Tap On Whitney Calls And Responds

Leah Andelsmith | July 23rd, 2021

Tap On Whitney Calls And Responds

Dance  |  Hamden  |  Arts & Culture  |  Whitneyville


Luiza Karnas and Alexis Robbins. Leah Andelsmith Photos and Video. 

Finger dancing. Two dancers mirroring each other, one tapping her shoes, one pointing her toes. 

A cowbell and tap duet. The rhythm of tap shoes nestled between the upright bass and the keyboard. 

“Two very different styles of tap dance together under one roof” was how tap dancer and choreographer Alexis Robbins put it as she welcomed over 40 audience members to “Tap on Whitney” last Sunday night. 

Held at the Whitneyville Cultural Commons, the event brought together kamrDANCE’s tap and contemporary work Are you or do you? with Hartford-based jazz ensemble Medusa, featuring band leader Jocelyn Pleasant on drums, Michael Carabello on keys, Matt Dwonszyk on bass, and tap dancer Corey Hutchins. Are you or do you? is a collaboration with Westchester-based dancer and choreographer Luiza Karnas.

"I Hear You. I Appreciate You." 

Robbins and Karnas began behind a stack of black, wooden boxes. The audience sat still and vaguely uncertain as the two began tapping on the boxes with their fingertips, making shapes with their hands and elbows, dancing with their fingers as if marking out a routine instead of dancing it full out on their feet. The shuffling of chairs and feet as the audience settled in was uncomfortably amplified in the quiet room, as the duo started in on a routine without musical accompaniment. 

Soon, they stepped out from the boxes to dance more freely on the floor. Karnas slid her hard-soled shoes across the floor like a brush sweeping across a drum. Robbins was barefoot, dancing in a contemporary style. She mirrored Karnas’ movements at first, then danced on her own to the music Karnas was making with her shoes. There were moments of stillness, moments of unison, and moments of loose, sweeping movement. 

But it was in a moment when a clear rhythm rang out between tap shoes and clapping hands that Hutchins, watching from backstage, broke the audience’s silence with an “Mmmh!” as if to say, “I hear you. I appreciate you.” 

Later, Robbins laid down wooden boards over the wooden floor and Karnas stepped right up. She tapped out a distinct rhythm, then started to vary it, adding and deleting notes, playing with the syncopation. Karnas tapped with each foot on a different board, like a pianist stretching to play two keyboards at once. That earned her a chuckle of appreciation and a “Wooo!” from the audience. 


After a moment of silence and a long look at Karnas, Robbins took over. Her character in the piece explored the friction of her different dance identities and wondered when and where she would be able to be her full self. Now with her shoes tied on, she was ready to tap.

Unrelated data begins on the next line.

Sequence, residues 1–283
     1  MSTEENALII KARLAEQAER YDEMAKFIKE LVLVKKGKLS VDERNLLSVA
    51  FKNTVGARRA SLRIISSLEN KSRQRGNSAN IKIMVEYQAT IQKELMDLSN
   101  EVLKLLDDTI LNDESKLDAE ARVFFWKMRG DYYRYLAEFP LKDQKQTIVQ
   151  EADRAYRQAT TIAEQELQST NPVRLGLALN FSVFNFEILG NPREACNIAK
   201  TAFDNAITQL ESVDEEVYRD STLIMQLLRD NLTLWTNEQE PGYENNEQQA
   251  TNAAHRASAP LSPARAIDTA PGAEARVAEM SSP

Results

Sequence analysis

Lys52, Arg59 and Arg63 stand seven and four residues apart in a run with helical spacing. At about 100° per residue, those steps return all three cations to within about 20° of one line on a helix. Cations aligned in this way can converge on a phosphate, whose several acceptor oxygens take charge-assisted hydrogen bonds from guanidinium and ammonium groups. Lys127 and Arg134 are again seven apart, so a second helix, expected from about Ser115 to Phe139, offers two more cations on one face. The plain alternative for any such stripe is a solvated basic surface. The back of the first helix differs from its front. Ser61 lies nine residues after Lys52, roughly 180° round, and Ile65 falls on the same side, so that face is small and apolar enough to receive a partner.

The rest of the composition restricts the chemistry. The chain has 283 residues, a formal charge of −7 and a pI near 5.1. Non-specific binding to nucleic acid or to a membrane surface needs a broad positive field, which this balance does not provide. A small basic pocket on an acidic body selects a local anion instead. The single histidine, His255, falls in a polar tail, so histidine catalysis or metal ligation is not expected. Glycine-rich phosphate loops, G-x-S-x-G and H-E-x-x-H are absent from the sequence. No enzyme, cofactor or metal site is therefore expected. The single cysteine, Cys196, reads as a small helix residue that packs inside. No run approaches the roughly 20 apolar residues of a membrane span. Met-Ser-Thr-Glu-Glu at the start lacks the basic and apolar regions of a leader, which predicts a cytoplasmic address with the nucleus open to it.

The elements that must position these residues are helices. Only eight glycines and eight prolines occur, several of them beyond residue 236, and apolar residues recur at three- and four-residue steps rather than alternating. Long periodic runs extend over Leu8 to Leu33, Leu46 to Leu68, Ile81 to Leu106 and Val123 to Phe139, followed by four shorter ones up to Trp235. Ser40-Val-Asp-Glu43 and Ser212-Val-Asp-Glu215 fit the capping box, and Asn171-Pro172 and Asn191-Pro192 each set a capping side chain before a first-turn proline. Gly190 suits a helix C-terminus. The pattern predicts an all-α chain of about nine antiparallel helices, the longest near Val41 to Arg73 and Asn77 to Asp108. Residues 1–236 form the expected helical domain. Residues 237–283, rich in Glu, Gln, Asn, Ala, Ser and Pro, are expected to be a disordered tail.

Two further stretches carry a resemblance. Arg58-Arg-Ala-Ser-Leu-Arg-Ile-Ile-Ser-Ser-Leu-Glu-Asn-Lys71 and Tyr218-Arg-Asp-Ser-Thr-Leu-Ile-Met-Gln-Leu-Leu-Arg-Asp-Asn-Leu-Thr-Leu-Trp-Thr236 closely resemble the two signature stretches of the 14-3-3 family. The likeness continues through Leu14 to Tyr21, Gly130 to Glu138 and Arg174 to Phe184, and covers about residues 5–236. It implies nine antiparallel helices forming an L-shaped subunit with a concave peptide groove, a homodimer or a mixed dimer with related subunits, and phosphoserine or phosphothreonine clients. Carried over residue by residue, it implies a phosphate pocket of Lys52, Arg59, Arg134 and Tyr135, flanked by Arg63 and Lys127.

Some of the boards Robbins had laid out made lower-pitched, more muted sounds and some rang higher and with more resonance. She stepped onto a muted board and tapped out a slow groove. Blunt heel taps and crisp toe taps blended together with the scraping swish of the side of her shoe sliding across the board. Not every seat afforded a view of the dancers’ feet, but the music of taps on wood could be heard anywhere in the room, and the audience slid into the rhythm along with her. 

After a long while on that muted board, Robbins gave just a few quick taps on a higher, more resonant board. It sounded refreshing, like the bright zing of lime slicing through the richness of a carnitas taco. 

“Talk about it,” Hutchins encouraged from the back of the room. “You’re not holding back no more.” 

And neither was the audience. 


As Robbins and Karnas took turns laying down the rhythm and picking it up, always changing it and letting it breathe, audience members grooved and nodded along, as if following jazz riffs or rap verses. A toddler in attendance bounced in place with an uncontainable smile. More and more audience members began to talk back to the performers, their ad libs embellishing the rhythm: 


“Yes. Yes, ladies.” 

“There it is, yes.”




Robbins and Karnas hit the last mark of the performance, Robbins finally answering Karnas’ repeated question, “Does not knowing”—where you fit in and whether you’ll be able to show up as your full self—“weigh you down?” 

“Yeah, it does,” she said. The audience was immediately on their feet and cheering, stomping out their joy as if clapping wasn’t enough. 

"Take Our Own Bit of Butter, Put It on Top, and Make It Melt."

As Medusa took the stage, Pleasant caught everyone’s attention with the bright, clear clang of a cow bell. Hutchins slid out onto the floor, bold and brilliant in a red button down shirt, black tie, and red, suede tap shoes. 

“Don’t hold back. Let’s have a party! You already feeling it?” he said. The crowd’s cheers and applause confirmed that they were. Pleasant added a high hat topped with a tambourine to the rhythm. Hutchins mixed in the quick, sharp beat of his tap shoes and got the audience clapping.